How RDF thwarted jailbreak in CAR

Rwandan peacekeepers in the Central African Republic’s capital, Bangui, over the weekend foiled an attempt by jailed militia leaders to break out of a prison.

Rwandan peacekeepers in the Central African Republic’s capital, Bangui, over the weekend foiled an attempt by jailed militia leaders to break out of a prison.

 According to the Ministry of Defence, Rwanda Mechanised Infantry Battalion (RwaMechBatt1) forces serving in the African-led International Support Mission to the Central African Republic (Misca) on Sunday halted an attempt by leaders of the CAR’s militias to break out of Ngaragba prison, located in the 7th arrondissement in Bangui. 

 The prison accommodates leaders of the Anti-balaka and Ex-Séléka militia groups. 

“Riots started around midday on Sunday. Prisoners tried in vain to open the last metal door but our Forces successfully contained the riots after firing warning shots,” an unnamed Rwandan peacekeeper on the ground is quoted as saying. 

 The jailbreak was stopped “thanks to the vigilance of the Rwandan unit” in Misca, said a statement by the African Union peacekeepers.

 The group that plotted the jailbreak was arrested in a mop-up operation carried out by the peacekeepers on February 15 in Bangui. Investigations are reportedly underway to trace the perpetrators of the jailbreak attempt. The director of the prison, Commandant Ibrahim Yabanga, was reportedly replaced by CAR authorities.

Earlier this month, Rwandan peacekeepers in Bangui were compelled to use live ammunition to disperse an armed mob that attacked a Muslim community and killed two people.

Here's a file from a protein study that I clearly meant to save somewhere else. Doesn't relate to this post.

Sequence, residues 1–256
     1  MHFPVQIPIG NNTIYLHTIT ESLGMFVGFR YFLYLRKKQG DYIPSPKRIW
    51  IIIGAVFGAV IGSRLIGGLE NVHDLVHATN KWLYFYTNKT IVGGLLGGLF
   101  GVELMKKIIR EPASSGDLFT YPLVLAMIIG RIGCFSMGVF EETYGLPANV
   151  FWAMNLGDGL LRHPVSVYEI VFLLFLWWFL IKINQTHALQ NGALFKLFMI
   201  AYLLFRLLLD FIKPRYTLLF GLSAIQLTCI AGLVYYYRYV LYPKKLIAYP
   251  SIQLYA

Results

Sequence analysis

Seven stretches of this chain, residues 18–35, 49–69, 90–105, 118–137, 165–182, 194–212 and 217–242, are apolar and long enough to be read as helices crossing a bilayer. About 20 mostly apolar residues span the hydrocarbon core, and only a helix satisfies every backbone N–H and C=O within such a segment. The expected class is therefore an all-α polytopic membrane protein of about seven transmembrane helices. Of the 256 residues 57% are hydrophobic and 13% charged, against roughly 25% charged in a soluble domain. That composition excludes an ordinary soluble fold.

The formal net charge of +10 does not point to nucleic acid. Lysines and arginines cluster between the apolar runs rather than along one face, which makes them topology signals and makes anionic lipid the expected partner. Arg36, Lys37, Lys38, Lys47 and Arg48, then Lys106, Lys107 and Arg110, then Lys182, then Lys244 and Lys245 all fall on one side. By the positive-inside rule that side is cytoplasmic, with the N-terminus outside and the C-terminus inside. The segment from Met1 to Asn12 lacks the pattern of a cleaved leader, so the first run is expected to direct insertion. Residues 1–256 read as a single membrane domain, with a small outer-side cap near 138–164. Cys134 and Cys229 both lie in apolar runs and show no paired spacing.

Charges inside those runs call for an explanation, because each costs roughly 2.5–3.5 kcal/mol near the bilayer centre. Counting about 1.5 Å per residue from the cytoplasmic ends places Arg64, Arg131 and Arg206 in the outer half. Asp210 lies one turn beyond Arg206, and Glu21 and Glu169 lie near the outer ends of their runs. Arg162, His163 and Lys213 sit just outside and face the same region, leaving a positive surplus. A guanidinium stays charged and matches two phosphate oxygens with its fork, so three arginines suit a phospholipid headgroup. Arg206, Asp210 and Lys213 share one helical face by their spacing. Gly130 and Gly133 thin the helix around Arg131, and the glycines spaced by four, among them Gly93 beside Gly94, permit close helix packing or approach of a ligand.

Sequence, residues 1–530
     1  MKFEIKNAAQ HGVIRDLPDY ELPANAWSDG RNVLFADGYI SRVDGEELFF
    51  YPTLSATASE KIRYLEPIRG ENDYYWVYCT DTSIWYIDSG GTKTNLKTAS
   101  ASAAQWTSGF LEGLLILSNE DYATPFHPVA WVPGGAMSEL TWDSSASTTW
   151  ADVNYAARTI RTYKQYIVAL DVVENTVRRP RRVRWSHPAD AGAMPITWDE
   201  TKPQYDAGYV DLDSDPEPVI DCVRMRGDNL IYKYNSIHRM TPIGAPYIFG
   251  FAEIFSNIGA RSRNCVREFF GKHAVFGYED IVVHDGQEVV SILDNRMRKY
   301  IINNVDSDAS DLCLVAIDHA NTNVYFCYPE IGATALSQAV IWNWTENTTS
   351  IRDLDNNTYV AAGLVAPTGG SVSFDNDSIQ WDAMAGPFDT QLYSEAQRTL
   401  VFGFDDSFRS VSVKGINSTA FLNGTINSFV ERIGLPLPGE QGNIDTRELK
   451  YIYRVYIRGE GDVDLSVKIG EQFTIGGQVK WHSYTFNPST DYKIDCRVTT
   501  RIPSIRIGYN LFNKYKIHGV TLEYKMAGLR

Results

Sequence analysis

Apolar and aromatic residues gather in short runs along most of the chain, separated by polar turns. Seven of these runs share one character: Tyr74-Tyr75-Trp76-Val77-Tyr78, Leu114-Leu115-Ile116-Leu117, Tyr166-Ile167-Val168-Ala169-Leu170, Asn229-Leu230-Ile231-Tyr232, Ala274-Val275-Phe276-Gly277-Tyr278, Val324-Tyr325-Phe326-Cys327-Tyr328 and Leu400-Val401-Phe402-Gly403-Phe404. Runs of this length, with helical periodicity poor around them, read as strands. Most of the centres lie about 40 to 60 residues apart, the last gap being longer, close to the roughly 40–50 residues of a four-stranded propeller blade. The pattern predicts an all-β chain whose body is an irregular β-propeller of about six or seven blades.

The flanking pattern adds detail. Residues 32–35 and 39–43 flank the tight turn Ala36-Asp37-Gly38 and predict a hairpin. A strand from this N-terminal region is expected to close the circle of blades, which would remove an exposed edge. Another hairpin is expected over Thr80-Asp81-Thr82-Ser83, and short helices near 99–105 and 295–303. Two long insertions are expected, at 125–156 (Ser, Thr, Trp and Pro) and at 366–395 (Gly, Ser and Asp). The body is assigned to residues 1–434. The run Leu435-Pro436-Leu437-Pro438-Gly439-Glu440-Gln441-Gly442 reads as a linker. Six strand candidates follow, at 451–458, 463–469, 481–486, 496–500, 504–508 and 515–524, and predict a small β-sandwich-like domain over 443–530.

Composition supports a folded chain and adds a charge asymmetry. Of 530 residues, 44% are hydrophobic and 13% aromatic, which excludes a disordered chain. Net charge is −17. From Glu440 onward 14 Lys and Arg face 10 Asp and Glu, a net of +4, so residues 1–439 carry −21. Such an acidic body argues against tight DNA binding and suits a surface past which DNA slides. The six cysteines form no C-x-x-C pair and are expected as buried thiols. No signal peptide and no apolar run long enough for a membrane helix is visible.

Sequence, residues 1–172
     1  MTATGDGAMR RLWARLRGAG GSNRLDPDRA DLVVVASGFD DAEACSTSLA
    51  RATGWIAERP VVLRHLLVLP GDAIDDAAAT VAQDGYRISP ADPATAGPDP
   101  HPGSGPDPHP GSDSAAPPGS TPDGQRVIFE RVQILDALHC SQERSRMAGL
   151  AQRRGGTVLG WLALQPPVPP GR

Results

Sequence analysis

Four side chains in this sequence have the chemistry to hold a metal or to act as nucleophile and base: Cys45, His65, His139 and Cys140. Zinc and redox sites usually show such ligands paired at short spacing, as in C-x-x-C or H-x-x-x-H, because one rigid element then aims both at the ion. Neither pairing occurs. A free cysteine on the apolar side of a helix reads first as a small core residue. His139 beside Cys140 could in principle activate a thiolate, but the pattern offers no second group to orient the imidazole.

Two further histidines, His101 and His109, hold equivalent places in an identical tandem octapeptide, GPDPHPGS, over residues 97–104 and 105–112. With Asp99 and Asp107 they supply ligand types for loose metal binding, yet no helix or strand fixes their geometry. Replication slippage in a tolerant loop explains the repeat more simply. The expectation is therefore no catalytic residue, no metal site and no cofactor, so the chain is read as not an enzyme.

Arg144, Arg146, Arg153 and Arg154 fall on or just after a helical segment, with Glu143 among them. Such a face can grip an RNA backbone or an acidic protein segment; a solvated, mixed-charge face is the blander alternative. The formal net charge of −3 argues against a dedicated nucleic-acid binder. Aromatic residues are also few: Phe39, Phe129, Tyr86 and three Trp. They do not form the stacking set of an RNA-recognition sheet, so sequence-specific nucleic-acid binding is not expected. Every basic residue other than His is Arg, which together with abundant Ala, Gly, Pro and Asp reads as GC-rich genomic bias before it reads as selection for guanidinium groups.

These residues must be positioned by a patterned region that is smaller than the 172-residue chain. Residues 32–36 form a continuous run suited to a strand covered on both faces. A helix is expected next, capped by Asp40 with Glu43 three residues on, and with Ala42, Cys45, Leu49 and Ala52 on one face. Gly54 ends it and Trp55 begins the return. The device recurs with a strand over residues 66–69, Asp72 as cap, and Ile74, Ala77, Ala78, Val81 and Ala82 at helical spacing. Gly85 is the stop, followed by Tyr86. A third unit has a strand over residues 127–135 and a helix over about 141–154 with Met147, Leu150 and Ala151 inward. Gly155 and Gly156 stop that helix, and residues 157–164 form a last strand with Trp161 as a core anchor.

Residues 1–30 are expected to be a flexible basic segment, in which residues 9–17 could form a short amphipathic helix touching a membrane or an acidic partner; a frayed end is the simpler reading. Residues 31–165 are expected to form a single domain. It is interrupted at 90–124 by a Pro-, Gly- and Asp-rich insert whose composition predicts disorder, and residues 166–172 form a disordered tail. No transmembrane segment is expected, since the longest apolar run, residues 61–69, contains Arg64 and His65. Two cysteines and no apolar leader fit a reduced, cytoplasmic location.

The RDF has deployed, under a UN Security Council resolution, 850 servicemen and women in the CAR as part of Misca. Working alongside French forces, they are operating under the UN Charter’s Chapter VII, which spells out the UN Security Council’s powers to use force where necessary to protect civilians.  

 In their 12-month mandate, Rwandan troops are charged with protecting civilians, stabilising the country, restoring State authority and creating a favourable environment for provision of humanitarian assistance.

 The conflict in CAR erupted when mainly Muslim Séléka rebels launched attacks in December 2012. The conflict pits the Muslim Séléka against the Christian anti-balaka militia. Fighting intensified last March following the toppling of government by the Séléka rebels and the  looting and killing spree in Bangui that followed the coup, forcing a Christian militia to emerge and begin reprisal attacks. 

 Thousands of people died in the ensuing melee compelling the interim Muslim leader, Michel Djotodia, to step down from the presidency. The country’s new President, Catherine Samba-Panza, is yet to end the violence but remains optimistic that the conflict will end if its real root causes are addressed.

 Africa’s third woman president has repeatedly noted that the international community and media focus particularly on the religious dimension of the CAR conflict while disregarding the real sources of the conflict – bad governance and poverty.

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